A primary is all but guaranteed, as former Harrison Mayor Philip Marraccini, left, is back in the fold to challenge the Republican-backed incumbent Mayor Ron Belmont. File photos

By JOHN BRANDI
A primary fight for the Republican Party ballot line is underway, as a former mayor plans to go toe to toe with the current official holding the position. 

Incumbent Mayor Ron Belmont will face off against Philip Marraccini, having served the same role from 1994 to 1998, ahead of the general election. Both have gathered and submitted the necessary number of signatures from registered Republican voters to appear on the ballot come September, according to a representative from the Westchester County Board of Elections.

Marraccini told the Review that he has collected in excess of 530 signatures that were due July 9.

“There’s an expectation of a primary,” Marraccini said. “I’ve gotten positive feedback from the community and I’m in it for the long haul.”

The candidate said he thought the absence of a primary could potentially disenfranchise Harrison voters. Meanwhile, Marraccini, 64, has also garnered the Westchester County Independence Party’s endorsement ahead of the primary. Meaning, if he were unsuccessful unseating Belmont in the Republican primary, Marraccini could run on the Independence line in the general election. The former mayor said he’d consider doing just that, assuming the primary results don’t turn out in his favor.

This may not be a guaranteed bet, however, as Belmont, 64, could initiate a write-in campaign for the Independence line. Though, the write-in candidate would need the support of 5 percent of the registered party voters during the primary to claim the line from Marraccini, according to Councilman Stephen Malfitano, who is also running as a Republican for a second term on the Town Council. This is known as an effort to stage opportunity to ballot.

Although the Independence Party endorsed former Mayor Joan Walsh four years ago in the 2011 election cycle, it was her opponent, Belmont, who shifted that line in his favor with voter help during the primary, according to Malfitano.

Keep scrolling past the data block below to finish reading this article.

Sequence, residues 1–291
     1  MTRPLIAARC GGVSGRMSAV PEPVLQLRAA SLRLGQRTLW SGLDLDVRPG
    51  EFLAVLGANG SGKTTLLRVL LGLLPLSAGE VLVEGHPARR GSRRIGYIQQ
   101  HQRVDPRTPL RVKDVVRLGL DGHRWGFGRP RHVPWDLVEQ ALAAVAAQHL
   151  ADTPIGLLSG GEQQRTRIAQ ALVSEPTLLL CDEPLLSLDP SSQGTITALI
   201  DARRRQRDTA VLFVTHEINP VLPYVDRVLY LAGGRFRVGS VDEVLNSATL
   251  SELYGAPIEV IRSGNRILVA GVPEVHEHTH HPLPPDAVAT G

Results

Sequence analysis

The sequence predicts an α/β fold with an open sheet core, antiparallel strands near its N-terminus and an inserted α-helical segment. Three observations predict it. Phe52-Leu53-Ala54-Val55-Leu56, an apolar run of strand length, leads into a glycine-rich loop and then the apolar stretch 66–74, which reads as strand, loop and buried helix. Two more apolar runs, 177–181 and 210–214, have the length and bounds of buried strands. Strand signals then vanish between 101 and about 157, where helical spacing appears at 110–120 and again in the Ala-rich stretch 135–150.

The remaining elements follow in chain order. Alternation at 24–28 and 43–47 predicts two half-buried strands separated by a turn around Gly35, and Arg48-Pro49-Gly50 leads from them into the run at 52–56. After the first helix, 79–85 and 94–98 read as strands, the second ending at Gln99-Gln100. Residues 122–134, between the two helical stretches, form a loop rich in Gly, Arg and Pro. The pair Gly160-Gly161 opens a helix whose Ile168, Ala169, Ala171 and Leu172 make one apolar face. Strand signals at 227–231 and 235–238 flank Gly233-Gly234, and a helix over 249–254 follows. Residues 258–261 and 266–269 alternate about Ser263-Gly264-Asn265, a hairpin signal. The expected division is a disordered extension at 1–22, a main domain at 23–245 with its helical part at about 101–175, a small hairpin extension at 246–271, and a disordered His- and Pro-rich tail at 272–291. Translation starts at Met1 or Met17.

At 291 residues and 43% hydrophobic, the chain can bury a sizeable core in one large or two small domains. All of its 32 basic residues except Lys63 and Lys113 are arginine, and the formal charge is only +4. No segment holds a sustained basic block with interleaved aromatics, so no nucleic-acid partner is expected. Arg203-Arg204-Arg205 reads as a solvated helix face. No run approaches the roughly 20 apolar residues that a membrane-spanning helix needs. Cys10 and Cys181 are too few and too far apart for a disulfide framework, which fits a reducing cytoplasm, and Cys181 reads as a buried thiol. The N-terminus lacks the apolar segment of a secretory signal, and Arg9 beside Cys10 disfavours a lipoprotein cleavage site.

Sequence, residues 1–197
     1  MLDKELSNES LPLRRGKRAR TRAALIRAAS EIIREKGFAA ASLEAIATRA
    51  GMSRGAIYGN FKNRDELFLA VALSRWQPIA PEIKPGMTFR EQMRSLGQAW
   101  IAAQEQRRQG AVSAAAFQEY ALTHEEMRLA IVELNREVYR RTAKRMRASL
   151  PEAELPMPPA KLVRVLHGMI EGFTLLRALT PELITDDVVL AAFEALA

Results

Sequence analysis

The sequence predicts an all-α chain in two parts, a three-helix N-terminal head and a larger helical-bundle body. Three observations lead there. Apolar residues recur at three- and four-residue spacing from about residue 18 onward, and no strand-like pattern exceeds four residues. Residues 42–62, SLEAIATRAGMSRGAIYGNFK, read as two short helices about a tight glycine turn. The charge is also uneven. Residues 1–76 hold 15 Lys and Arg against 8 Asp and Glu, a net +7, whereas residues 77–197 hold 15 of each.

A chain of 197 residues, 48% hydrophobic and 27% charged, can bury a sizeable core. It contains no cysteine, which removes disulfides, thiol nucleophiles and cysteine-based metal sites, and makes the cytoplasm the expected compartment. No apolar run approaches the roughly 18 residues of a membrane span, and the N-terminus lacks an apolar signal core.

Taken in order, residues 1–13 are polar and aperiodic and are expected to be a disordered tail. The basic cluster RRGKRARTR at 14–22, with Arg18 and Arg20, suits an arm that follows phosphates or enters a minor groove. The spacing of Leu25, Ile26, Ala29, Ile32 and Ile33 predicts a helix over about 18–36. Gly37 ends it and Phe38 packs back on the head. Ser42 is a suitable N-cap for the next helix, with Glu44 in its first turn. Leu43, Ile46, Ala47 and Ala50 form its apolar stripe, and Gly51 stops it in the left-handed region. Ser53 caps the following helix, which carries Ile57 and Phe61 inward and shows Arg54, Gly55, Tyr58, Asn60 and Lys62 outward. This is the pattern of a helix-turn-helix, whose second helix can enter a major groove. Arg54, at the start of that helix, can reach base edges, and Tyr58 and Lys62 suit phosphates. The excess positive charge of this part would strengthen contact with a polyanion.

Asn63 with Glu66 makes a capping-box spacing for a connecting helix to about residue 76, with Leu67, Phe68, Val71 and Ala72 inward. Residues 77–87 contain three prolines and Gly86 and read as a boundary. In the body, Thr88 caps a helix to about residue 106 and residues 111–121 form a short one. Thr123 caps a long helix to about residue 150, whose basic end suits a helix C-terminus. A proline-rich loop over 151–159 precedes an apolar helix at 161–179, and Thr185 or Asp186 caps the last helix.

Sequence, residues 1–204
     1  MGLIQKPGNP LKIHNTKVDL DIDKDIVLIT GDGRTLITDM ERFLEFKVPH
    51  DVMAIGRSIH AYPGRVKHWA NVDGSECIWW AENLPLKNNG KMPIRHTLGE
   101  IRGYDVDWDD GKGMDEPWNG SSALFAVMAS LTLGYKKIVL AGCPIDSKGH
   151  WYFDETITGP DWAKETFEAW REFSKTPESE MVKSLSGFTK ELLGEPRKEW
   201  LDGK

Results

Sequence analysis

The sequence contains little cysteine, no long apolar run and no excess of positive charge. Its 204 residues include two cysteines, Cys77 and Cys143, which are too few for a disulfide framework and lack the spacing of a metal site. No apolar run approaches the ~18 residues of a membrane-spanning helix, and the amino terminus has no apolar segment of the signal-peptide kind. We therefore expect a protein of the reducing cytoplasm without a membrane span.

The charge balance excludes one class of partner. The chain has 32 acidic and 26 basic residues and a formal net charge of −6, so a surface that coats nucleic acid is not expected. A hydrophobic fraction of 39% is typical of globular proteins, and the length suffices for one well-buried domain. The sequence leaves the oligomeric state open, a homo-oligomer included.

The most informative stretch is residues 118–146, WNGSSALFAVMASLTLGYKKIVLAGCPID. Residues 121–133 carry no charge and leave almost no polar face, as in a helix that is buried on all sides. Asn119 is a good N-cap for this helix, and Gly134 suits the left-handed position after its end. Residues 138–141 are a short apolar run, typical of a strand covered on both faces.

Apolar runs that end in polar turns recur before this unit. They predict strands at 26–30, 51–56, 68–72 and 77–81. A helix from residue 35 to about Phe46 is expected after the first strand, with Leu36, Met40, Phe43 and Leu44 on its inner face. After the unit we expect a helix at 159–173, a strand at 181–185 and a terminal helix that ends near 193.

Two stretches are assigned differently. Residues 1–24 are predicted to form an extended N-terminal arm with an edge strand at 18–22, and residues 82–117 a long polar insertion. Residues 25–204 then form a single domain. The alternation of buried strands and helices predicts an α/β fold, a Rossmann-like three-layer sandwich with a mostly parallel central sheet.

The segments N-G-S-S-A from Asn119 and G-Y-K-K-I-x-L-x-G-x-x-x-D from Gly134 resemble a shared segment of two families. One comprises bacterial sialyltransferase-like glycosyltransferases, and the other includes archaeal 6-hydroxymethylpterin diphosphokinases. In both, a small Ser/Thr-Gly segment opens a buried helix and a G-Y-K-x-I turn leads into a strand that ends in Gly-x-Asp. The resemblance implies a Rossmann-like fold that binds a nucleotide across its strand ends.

The Republican establishment is again attempting such a measure with its mayoral candidate so the “ballot is established during the general election,” but the councilman said this is a more difficult task than going the regular primary route, as you have to drum up support for a higher turnout of committed voters on primary day. Belmont’s name will not appear on the primary ballot.

Meanwhile, the county’s Conservative Party has already endorsed Belmont, Malfitano and fellow Republican-backed candidate Councilman Fred Sciliano.

As for the party-backed Republican candidates challenging Marraccini’s petition efforts, that measure is still unclear as Republican Committee Chairman Bob Amelio declined to disclose that information. Though he said the Republican slate has also submitted its petitions to the BOE ahead of the deadline.

Belmont said he doesn’t see how a primary can help the party, but hopes that it emerges stronger. As for what’s next post signatures, the mayor said he will continue to campaign.

“It’s a fact of life, you’re always in the spotlight,” Belmont said. “I do my job every day and try to help the residents of Harrison.”

The primary will take place on Thursday, Sept. 10. Election Day is Tuesday, Nov. 3.

CONTACT: johnb@hometwn.com

 
vote-2015

Canter triggers town justice primary

Joseph Cannella

Joseph Cannella

JOHN BRANDI
Republican voters in Harrison are about to experience something not seen in recent memory, a primary for the town justice race.

Incumbent Town Justice Nelson Canter, a registered Republican who was passed over by party leaders, has submitted the necessary number of signatures in the final hours of the July 9 deadline to trigger a GOP primary against the two Republican-backed candidates, Town Councilman Joseph Cannella and Pasquale Gizzo, a private practice attorney. Canter said he submitted nearly 400 signatures to the county’s Board of Elections.

Last month, Republican leaders announced that they were dropping Canter in favor of nominating Cannella and Gizzo, who unsuccessfully ran for the town justice position back in 2011.

Canter told the Review that he believes backroom party politics played a role in him losing the endorsement this time around. He was endorsed by the GOP four years ago during his first election cycle in 2011.

“I don’t play politics; I try to be fair and impartial and defend the Constitution,” Canter said.

Although he was dropped from the Republican line, Canter did pick up his sole endorsement from the Westchester County Conservative Party, as of press time.

Canter said while out in the community gathering signatures, residents have shared their shock with him in the decision by the Republican Party to turn their back on the incumbent justice. Some were even persuaded by the news to help with his re-election efforts.

Nelson Canter

Nelson Canter

Gizzo said of the upcoming primary that this is what makes the United States great, that any candidate can seek public office.

Meanwhile, Canter’s incumbent justice colleague Marc Lust, a registered Democrat, was also booted from the GOP ticket back in June. Previously, Lust had been endorsed by the Republicans since his first election in 1999, and again during each of his three successive re-election bids. This year, he picked up the Democratic endorsement along with former Harrison Mayor Ron Bianchi, who served one term in that role from 1998 to 2001. And Lust was also endorsed by the county’s Independ-
ence Party.